Go Down

Topic: Can the Servo lib be made to control more than 12 servos per timer? Maybe! (Read 1 time) previous topic - next topic

Graynomad

Quote
It seems to me that every 20ms, one could toggle all the servo pins high at once and then turn them off one by one as needed when a particular servo's time is up.

That's how I'd do it.

______
Rob
Rob Gray aka the GRAYnomad www.robgray.com

DuaneB

Quote

That's how I'd do it.


No, you would not.

the reason it is not done this way is that you would need to loop through the servos at every pin change to see who should go next, with 20 servos that would be a lot of 16 bit operations.

alternativley you could try and sort the servos at the start of each frame but again lots of 16 bit operations.

The current servo library uses around 1% of arduino processing power for 12 servos, my library is more efficient but has a less friendly interface - I would only consider using it if you want those extra servos, a higher refresh rate or smoother RC signal interrupts.

Duane B


scswift


the reason it is not done this way is that you would need to loop through the servos at every pin change to see who should go next, with 20 servos that would be a lot of 16 bit operations.


You are mistaken.

You see this? 
http://www.youtube.com/watch?v=Klh7bslfpBI

That is a circuit I built, which has an array of 64 multiplexed LEDs.  Nothing special about that you might think, and I wouldn't blame you since the video doesn't demonstrate it very well, but if you look closely, you may notice the LEDs that aren't brightly lit are displaying a gradient.  That's pulse width modulation.  On a multiplexed display.  How did I achieve this?  By sorting the LEDs so as I illuminated each column of the display I needed only check the time against the next LED to turn off.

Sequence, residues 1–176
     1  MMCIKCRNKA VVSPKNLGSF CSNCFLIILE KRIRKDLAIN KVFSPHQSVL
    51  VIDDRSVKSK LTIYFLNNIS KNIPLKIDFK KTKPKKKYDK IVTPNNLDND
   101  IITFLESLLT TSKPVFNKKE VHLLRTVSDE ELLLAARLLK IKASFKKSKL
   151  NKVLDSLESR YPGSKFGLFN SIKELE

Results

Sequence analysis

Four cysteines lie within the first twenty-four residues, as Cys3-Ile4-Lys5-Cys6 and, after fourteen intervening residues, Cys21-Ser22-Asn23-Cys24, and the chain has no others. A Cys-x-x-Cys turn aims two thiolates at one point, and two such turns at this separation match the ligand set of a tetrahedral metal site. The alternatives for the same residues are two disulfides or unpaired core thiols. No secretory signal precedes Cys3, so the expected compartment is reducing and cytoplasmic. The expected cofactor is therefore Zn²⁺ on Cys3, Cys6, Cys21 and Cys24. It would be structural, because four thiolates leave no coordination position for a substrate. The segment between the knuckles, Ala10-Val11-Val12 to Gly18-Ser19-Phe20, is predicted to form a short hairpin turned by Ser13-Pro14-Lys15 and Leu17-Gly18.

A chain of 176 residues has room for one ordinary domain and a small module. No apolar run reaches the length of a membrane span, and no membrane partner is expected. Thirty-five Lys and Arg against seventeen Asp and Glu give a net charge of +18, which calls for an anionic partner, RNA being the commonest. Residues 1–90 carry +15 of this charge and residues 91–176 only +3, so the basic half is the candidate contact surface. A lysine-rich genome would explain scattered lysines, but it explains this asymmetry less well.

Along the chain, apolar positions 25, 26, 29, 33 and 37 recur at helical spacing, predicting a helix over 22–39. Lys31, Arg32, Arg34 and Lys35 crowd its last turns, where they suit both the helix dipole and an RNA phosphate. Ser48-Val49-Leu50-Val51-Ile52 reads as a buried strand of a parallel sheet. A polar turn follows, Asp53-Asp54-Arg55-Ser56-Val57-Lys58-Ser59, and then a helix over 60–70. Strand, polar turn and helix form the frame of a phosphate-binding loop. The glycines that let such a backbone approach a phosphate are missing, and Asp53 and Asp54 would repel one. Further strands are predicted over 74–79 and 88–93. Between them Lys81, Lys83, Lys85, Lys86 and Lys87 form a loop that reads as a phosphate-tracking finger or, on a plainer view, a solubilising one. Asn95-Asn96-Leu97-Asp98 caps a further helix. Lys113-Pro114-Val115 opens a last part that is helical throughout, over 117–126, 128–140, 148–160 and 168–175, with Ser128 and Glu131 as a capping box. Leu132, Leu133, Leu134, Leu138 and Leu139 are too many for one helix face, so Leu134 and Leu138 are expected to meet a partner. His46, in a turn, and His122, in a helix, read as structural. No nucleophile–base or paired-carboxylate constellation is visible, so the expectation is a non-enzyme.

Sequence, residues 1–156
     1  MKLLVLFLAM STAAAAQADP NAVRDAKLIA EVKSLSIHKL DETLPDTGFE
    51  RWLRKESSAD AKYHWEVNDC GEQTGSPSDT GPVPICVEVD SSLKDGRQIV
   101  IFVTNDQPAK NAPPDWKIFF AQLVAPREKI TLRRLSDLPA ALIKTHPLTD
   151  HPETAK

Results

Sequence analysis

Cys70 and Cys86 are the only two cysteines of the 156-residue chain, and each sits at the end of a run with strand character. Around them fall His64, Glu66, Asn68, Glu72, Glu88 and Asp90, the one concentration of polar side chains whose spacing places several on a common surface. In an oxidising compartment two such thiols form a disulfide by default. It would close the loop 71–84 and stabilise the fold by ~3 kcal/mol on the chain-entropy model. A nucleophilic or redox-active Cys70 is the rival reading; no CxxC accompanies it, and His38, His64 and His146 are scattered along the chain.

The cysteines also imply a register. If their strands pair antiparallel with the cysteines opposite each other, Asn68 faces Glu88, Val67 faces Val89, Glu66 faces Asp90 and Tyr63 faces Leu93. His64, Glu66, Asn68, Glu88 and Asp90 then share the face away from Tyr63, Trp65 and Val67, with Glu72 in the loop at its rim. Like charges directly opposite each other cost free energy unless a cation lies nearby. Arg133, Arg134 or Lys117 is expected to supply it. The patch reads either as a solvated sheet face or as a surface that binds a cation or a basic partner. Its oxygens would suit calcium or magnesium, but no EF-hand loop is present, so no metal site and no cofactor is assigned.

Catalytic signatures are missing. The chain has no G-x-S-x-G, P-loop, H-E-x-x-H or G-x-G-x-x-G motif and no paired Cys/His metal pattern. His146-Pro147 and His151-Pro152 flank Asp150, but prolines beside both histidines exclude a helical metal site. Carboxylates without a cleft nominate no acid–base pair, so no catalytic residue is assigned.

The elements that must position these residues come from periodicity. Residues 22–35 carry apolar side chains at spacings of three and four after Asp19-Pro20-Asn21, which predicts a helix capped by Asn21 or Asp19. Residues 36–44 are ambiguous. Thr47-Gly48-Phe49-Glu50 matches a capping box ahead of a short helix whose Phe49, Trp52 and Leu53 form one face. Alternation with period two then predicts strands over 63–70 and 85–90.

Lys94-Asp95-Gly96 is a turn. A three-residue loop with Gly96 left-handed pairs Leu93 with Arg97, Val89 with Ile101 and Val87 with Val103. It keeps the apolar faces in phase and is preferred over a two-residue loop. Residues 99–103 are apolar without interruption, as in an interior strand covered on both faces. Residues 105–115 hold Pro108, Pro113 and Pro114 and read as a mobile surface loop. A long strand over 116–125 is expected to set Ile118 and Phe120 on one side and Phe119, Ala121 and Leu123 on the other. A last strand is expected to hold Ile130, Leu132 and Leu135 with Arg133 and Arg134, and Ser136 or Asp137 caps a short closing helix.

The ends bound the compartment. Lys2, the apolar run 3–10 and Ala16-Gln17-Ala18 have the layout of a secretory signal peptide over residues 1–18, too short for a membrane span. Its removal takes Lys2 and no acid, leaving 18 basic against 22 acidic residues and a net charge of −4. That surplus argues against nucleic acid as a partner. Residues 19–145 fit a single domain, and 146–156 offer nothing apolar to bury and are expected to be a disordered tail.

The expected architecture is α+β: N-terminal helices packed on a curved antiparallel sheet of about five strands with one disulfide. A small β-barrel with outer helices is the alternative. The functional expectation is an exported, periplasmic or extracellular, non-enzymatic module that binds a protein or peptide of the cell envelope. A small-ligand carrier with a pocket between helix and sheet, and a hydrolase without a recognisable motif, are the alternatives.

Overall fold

Quote
alternativley you could try and sort the servos at the start of each frame but again lots of 16 bit operations.


There's no need to sort the servos each frame as long as you keep your list sorted.  When you set a new angle, all you need to do is a quick binary search to the left or the right of where the previous position was in the list to figure out where to insert the value, and you're done.  Yes, this requires a few operations.  But setting the servo position doesn't need to be super fast.  Servos can't respond within microseconds to a change in position anyway.  Where speed is important is in the servo interrupt, and that would be super fast with the list already sorted for it.

DuaneB

Fair enough - as arduino is single threaded and you only need to re sort if a servo position changes, you can safely figure out the sort order with interrupts still enabled and then just disable them to do the update - should be smooth and simple.

Duane B



dhenry

Quote
This seems really inefficient to me however.


The advantage of that is that it is inherently PPM, if you output the pwm pulses on the same pin.

The disadvantage is that those pwm pulses are not phase aligned and there are channel limitations.

It is not hard to write pwm output on any arbitrary number of channels. I think I provided one example somewhere. Basically you establish a counter that counts up to a the period. At each increment for the counter, you test for overflow and output pins; At the roll-over of the counter, you re/set all pins.

Go Up